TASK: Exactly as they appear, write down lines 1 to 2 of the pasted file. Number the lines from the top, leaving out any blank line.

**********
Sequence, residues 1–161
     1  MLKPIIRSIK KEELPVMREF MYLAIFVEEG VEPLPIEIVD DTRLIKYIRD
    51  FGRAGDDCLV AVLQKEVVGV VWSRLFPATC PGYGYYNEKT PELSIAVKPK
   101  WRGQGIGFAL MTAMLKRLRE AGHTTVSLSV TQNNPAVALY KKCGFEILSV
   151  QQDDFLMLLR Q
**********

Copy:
Sequence, residues 1–161
     1  MLKPIIRSIK KEELPVMREF MYLAIFVEEG VEPLPIEIVD DTRLIKYIRD